After protests, Iraq PM urges early local vote

Iraq's prime minister called for new provincial elections Monday following anti-government protests that killed 14 people last week in a demonstration of the simmering anger many Iraqis feel at a government they say fails to provide basic services.

Nouri al-Maliki told a news conference he would ask the parliament to pass a law allowing for the early elections for the councils that rule Iraq's 18 provinces and said the move was a response to the people's demands for change.

Elections for control of Iraq's provinces are held every four years. The last ones were held in 2009 and moving them forward would require parliamentary approval. The decision already has the support of the parliament speaker, Osama al-Nujaifi, who said Sunday that he was also proposing such a move.

But its unclear whether there would be enough support within the parliament to hold the vote early and if so, how quickly a legislative body that took months to pass the last election law would act.

Having just secured a second term as prime minister, Al-Maliki is under intense pressure to show he's addressing the demands of a population angry with a lack of government services, a scarcity of jobs and rampant corruption.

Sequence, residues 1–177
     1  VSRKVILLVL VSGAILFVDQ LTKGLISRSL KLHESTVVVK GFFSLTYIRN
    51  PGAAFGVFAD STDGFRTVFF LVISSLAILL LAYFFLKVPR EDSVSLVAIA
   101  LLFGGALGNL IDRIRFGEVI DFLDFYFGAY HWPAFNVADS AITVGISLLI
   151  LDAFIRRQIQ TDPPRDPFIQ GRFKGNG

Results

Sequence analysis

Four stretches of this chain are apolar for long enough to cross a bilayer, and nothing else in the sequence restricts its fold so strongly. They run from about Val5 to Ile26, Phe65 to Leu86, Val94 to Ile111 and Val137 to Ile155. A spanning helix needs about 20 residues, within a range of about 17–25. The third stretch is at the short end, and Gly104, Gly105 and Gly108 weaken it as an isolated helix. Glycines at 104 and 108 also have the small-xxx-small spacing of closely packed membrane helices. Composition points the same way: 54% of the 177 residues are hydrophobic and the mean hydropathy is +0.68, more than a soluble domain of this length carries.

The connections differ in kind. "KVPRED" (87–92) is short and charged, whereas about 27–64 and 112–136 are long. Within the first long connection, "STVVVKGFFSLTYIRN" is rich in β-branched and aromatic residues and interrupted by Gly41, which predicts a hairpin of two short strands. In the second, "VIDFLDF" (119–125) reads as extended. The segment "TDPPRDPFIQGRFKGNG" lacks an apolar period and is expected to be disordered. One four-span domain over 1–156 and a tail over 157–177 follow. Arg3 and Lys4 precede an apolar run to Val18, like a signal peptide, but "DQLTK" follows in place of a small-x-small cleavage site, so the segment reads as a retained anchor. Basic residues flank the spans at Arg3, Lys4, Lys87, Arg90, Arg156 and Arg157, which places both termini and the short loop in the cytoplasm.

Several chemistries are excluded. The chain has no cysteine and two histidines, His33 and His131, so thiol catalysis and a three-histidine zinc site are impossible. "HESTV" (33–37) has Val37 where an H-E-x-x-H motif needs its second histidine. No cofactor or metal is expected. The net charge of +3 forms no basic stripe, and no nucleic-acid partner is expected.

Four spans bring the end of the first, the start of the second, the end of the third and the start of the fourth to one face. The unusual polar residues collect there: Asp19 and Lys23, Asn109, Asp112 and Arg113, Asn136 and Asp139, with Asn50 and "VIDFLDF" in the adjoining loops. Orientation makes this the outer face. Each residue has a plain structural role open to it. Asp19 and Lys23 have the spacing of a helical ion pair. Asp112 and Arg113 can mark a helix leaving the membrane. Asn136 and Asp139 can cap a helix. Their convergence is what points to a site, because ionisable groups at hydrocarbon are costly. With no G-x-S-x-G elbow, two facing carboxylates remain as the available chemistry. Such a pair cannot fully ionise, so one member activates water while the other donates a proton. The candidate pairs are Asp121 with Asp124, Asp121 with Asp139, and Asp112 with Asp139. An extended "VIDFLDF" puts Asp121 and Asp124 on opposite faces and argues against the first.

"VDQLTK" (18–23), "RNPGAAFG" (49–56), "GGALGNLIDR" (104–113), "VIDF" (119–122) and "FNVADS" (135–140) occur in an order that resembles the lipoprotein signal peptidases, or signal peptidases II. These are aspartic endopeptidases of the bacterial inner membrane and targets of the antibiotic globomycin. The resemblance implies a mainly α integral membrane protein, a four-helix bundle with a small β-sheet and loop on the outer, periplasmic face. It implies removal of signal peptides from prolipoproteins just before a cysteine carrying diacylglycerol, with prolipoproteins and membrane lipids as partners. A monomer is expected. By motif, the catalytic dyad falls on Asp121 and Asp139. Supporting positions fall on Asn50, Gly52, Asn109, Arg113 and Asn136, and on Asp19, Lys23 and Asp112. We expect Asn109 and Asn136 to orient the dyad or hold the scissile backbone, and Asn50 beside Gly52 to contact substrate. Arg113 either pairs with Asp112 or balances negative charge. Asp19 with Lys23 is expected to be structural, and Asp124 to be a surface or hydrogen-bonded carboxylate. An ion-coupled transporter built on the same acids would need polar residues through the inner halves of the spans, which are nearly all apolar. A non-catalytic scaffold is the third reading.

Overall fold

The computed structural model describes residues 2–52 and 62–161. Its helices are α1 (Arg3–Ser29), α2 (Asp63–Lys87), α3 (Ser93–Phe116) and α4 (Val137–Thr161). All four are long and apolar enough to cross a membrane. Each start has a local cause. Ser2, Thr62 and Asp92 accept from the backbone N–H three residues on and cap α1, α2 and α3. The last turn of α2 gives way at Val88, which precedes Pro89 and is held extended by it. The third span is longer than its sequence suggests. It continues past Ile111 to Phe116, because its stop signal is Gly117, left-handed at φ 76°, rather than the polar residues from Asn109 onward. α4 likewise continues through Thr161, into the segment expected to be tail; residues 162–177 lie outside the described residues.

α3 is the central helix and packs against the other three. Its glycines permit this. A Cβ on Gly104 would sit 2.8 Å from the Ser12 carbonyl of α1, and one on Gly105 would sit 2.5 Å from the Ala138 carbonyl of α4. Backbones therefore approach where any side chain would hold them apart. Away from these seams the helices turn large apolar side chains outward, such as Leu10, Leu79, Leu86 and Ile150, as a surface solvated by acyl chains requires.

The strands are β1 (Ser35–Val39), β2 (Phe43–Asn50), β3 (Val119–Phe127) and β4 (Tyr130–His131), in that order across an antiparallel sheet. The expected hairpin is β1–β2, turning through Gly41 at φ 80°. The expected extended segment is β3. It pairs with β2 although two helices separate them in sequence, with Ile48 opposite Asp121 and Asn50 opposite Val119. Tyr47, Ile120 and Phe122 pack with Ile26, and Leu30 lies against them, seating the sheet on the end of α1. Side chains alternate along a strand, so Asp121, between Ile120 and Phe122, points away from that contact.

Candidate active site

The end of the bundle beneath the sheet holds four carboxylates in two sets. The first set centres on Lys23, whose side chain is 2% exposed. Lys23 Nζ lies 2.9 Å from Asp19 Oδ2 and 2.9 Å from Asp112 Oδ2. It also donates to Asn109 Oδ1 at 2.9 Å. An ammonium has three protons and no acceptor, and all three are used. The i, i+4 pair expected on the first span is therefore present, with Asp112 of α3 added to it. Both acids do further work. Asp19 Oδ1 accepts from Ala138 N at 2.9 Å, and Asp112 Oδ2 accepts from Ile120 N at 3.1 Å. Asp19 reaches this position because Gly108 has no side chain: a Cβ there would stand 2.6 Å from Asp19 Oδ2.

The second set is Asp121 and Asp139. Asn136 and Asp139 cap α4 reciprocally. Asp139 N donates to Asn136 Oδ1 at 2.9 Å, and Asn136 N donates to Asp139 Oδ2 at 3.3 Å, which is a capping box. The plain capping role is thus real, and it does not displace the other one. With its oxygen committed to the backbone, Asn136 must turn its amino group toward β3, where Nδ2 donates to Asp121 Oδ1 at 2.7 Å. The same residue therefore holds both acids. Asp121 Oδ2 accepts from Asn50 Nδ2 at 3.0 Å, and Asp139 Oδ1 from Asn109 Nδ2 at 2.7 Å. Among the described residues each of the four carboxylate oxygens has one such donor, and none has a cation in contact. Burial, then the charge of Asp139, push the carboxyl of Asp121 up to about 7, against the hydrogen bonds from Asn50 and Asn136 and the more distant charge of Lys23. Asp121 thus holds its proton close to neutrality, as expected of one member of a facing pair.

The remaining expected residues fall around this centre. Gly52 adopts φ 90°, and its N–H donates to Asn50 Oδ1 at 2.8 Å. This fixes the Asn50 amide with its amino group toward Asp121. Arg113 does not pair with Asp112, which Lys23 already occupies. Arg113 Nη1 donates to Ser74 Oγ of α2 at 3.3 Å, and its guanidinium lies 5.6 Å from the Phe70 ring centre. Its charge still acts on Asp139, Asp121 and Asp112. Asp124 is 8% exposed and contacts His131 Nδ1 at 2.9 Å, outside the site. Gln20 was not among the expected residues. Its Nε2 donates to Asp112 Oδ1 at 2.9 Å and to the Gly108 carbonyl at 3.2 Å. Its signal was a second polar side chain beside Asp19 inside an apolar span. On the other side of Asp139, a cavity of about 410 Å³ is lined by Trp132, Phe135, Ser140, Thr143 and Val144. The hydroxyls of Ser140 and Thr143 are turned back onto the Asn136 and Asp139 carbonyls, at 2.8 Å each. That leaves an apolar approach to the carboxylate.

Thousands of Iraqis protested in at least twelve cities on Friday, many in demonstrations that turned violent, as protesters clashed with authorities, set fire to government buildings and toppled concrete barriers.

Al-Maliki said the decision was taken at a Cabinet meeting Sunday "to discuss people's demands calling for reforms." He did not specify how quickly the provincial elections should be held.

Al-Maliki also called on parliament to dissolve many local city councils in towns and districts where members are appointed and not elected.

The prime minister also raised the specter that the upcoming Arab League summit slated to take place at the end of March in Baghdad for the first time in years could be delayed. But he said he was optimistic the summit would still be held and that the Arab League is insisting on holding it in Iraq.

He cautioned, however, that Arab League foreign ministers would meet later this week, and could decide to change the date.

"A decision might be taken" to delay the summit, al-Maliki said, adding that Iraq wouldn't object to a postponement of one or two months.

Before turmoil began rippling through the Middle East starting with the overthrow of the Tunisian government, the biggest concern over the Arab Summit was whether Baghdad would be safe enough for such a stream of high-profile visitors.

Alluding to the violence taking place in Libya and the problems sweeping almost every other Middle Eastern country, al-Maliki said Baghdad is safe to receive guests.

"We could say that Iraq is the one of the most secure countries at this current time," al-Maliki said.